purpose is to work with Kwong Christians and churches in such a way as to assure
the long-term viability of the Kwong church.
do this in four ways:
seek to establish a gospel tradition among the Kwong that is Biblical,
appealing, coherent, and vernacular.
seek to establish a tradition of transmitting the gospel tradition to future
seek to rid the Kwong church of traditions disfavorable to the continuation
of the gospel tradition.
seek to broaden the penetration of Kwong society with the gospel tradition.
work with Kwong Christians and churches:
part of our purpose statement acknowledges the reality that there are Kwong
Christians organized in churches, and affirms our intention to collaborate in
the closest possible way with them in everything we do. This affirmation simply
validates what we as a field already stated in our 1998 vision statement - that
we do “all in partnership with the existing national church”.
assure the long-term viability of the church:
is the crux of our purpose statement. It assumes that there is already a church
in existence, but that its future and durability is an open question - indeed the
question. This is an African reality whose significance is not comparable to
many of TEAM’s other fields. Planting churches in Africa is easy. Planting enduring
churches in Africa is altogether another story. The combined threats of
syncretism, Islam, materialism among the young, AIDS, and oil exploration, not
to speak of a culture opposed in almost every detail to the ideals of the Gospel
mean that the sustainability of any church is truly tenuous. One need only hear
the appeals of national church leaders for the re-evangelization of formerly
“Christian” areas of Chad to find empirical justification for the inherent
pessimism of this statement.
We do this in four ways:
four ways we specify here will sound a little funny at first reading with their
repeated references to a “gospel tradition.” Let us explain. It has been our
observation that traditions are the only things that endure in Africa. Buildings
fall into ruin, projects and programs go bankrupt, seminars (an African
favorite) are soon forgotten, books are eaten by termites, and people die. But
traditions continue from generation to generation - a blessing or curse to their
keepers. So when we speak of the long-term viability of anything in Africa, we
are speaking automatically of traditions. The church is no exception in this
respect, and it is for this reason that we cast our ministry among the Kwong in
terms of developing what we call a “gospel tradition”.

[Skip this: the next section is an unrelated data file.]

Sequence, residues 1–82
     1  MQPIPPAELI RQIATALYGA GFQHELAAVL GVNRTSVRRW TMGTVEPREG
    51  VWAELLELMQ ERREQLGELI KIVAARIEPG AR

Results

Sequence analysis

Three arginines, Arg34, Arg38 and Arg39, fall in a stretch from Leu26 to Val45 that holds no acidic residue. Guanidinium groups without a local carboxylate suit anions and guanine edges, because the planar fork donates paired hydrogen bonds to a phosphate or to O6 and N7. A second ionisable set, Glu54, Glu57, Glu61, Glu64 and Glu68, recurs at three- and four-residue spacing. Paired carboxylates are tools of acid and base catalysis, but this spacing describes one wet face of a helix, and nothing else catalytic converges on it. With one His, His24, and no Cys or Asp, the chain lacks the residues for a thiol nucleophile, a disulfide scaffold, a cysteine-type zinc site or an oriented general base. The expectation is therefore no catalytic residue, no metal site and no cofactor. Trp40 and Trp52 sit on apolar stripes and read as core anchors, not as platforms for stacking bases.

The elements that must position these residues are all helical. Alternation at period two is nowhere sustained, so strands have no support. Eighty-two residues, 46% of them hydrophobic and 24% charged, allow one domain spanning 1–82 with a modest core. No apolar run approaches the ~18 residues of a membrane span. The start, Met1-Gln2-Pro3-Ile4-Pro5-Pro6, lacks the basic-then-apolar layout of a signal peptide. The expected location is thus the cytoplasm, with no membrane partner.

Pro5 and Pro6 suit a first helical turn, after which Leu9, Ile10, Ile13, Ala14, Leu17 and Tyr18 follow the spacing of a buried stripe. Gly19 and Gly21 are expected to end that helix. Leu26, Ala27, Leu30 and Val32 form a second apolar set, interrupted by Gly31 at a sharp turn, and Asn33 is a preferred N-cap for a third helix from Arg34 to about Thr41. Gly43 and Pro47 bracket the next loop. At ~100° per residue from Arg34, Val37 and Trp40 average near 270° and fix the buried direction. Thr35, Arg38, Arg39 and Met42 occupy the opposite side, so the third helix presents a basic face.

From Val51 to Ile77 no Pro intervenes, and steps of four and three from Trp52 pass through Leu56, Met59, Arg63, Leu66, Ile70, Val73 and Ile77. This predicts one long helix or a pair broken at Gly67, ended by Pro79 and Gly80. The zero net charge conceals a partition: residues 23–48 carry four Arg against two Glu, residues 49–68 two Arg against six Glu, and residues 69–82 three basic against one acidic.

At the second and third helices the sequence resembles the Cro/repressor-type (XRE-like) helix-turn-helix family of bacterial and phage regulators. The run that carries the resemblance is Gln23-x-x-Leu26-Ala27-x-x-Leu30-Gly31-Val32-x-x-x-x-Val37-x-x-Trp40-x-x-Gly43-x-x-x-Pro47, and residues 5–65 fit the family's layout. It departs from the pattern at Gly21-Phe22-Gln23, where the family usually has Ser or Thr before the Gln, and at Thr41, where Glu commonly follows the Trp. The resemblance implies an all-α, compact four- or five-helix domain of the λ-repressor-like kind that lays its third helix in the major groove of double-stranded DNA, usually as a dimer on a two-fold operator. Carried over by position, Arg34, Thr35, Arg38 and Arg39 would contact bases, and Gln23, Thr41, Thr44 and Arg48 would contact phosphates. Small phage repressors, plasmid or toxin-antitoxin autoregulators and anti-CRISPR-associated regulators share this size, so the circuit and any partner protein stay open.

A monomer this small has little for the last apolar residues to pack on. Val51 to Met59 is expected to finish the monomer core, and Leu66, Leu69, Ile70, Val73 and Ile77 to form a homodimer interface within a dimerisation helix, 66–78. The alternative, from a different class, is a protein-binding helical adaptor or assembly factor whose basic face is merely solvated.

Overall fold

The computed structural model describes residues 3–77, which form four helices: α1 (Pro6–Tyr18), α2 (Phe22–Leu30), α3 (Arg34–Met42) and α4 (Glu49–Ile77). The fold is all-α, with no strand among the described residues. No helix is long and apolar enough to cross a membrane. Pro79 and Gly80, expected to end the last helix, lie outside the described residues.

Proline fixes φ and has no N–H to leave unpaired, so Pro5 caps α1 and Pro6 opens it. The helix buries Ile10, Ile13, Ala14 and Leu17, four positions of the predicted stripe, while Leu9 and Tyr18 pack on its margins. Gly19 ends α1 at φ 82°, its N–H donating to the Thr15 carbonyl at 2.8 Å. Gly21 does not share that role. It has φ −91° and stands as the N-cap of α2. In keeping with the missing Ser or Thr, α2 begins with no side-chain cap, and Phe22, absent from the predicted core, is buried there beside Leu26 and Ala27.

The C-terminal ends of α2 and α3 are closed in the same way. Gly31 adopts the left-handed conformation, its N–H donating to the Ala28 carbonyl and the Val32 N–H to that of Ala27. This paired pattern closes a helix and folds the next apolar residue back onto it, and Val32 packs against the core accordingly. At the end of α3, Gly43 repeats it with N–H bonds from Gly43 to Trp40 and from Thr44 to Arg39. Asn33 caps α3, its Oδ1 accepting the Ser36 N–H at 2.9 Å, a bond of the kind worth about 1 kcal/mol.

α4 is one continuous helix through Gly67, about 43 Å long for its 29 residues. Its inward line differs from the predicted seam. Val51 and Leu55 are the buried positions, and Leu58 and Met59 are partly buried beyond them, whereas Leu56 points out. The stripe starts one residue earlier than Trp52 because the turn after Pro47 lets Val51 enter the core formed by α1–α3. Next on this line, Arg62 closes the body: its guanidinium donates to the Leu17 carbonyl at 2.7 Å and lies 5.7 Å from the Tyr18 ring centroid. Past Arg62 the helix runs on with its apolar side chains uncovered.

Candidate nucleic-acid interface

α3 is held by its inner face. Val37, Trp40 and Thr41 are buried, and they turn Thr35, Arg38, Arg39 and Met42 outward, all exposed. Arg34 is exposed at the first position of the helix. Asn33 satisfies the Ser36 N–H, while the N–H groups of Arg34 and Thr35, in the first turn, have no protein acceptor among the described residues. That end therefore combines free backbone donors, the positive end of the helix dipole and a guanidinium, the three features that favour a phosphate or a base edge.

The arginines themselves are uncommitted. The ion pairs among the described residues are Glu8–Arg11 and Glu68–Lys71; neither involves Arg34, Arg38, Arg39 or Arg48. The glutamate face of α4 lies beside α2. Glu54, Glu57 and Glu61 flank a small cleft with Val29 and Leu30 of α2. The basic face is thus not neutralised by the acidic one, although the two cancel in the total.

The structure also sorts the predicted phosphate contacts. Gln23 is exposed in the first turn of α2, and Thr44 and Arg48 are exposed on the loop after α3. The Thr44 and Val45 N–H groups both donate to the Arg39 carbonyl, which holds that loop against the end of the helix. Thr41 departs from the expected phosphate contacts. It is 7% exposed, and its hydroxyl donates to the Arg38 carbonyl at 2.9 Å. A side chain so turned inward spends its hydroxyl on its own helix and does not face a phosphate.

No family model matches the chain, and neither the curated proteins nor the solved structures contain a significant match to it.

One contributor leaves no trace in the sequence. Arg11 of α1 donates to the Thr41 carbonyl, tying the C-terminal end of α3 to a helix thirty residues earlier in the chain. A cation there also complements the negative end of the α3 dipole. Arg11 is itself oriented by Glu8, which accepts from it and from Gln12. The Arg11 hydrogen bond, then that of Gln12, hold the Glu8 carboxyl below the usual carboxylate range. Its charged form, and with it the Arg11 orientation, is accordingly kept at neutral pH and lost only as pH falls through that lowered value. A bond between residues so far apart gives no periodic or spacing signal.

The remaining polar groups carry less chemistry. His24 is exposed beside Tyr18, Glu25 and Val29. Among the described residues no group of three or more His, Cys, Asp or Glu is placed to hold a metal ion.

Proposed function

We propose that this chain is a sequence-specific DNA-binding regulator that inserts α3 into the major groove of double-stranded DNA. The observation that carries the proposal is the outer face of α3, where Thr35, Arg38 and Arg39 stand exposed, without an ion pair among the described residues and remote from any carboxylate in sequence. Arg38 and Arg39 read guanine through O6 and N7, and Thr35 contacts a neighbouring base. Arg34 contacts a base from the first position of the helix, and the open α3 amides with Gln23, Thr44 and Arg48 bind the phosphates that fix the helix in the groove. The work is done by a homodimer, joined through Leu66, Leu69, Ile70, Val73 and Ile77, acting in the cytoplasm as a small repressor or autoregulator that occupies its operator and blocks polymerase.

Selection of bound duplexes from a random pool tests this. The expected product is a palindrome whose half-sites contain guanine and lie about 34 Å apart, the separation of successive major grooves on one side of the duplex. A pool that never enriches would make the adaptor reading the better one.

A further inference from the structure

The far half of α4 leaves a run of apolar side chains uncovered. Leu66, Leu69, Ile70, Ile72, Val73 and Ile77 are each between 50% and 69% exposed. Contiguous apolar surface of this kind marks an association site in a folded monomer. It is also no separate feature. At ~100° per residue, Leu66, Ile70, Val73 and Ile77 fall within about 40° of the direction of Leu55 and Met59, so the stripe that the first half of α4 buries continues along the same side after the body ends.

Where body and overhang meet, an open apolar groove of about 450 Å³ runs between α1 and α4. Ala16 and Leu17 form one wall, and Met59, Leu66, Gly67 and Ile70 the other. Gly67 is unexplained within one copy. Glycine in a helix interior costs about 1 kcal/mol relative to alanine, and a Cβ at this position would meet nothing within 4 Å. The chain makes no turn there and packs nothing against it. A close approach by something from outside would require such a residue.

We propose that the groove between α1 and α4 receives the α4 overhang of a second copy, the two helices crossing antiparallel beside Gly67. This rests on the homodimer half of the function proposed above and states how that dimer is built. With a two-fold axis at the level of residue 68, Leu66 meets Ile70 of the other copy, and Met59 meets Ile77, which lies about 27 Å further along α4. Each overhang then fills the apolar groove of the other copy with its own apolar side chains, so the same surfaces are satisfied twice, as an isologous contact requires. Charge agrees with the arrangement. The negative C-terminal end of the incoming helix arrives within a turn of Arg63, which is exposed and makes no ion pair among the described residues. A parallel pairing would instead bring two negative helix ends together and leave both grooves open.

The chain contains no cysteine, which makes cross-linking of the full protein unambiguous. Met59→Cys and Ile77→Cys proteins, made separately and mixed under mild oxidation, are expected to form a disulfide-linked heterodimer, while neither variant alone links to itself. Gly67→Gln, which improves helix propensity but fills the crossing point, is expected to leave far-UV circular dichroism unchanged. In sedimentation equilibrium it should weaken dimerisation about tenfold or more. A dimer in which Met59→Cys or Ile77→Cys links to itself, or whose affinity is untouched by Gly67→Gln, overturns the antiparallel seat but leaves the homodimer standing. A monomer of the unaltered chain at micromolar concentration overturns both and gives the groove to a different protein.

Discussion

we mean by a “gospel tradition” is more than gospel theology. It is a body
of teaching expressed in characteristic vocabulary which is joined to a set of
characteristic attitudes, practices, and a body-politic. Taken together, these
elements form what we are calling a “gospel tradition.” An historical
example would be the Puritanism - which meant something much more than just
Puritan doctrine. It was a whole mindset and attitude, together with unique
customs and practices. It is therefore in view of developing just such a gospel
tradition unique to the Kwong that we express the 4 means by which we hope to
help assure the long-term viability of the church. They are, respectively:
establishment of a gospel tradition with the following characteristics:
it is Biblical
- A Biblical tradition is no more durable than a non-biblical one, but if
it is to be a “gospel” tradition, then it must find it’s substance
in the Scriptures.
This validates our efforts to translate the
This validates our persistent efforts to
teach the Scriptures - both in discipleship classes, and in preaching.
it is appealing
- the gospel is, and should be “good news.” An appealing tradition
will more likely endure than a discouraging one, such as the legalism
which dominates much of the Chadian church today.
This affirms our efforts in setting before
people (among other things less perhaps appealing - e.g. sin) the beauty and
glory of God, the poignancy of the atonement, the power of the Spirit over sin
in this age, and the glories to be revealed in the age to come.
it is internally
coherent. By virtue of
their chronological arrangement, The Firm Foundations and Kingdom of God
materials offer an internal coherence that traditional believe-and-receive
expressions of the gospel lack. Such coherence is essential to an enduring
gospel tradition in Africa.
This suggests that we are on the right track
with the Kingdom of God series.
the full power of the language and culture. Such a gospel tradition is
cherished by its keepers, and is articulated with the maximum of clarity
and poignancy. Such a cherished, clear, poignant tradition is more likely
to endure than one expressed using the least common denominator of the
This validates our continuing efforts to
develop a vernacular theology.
This suggests that if we spent more time on
linguistic research it would be time well-spent.
This suggests that we should reinforce our
program of personal language development
establishment of a tradition of transmission of the gospel tradition to
This statement assumes the obvious: that we as missionaries can only
inculcate one generation with the gospel tradition - the one alive during
the 20 or 30 years of our ministry. It further assumes, presumptuously
perhaps, that we succeed in the effort. What we affirm here is that leaving
to chance the transmission of this tradition to succeeding generations is an
unacceptable gamble. We are obliged, if we want to assure the long-term
viability of the Kwong church, to develop with Kwong Christians a tradition
of transmitting the gospel to their children and young people in both family
and ecclesiastical contexts. Failure to do so is to see our efforts in this
generation potentially come to naught in the next. We have done nothing in
this regard to date.
This suggests we should develop a tradition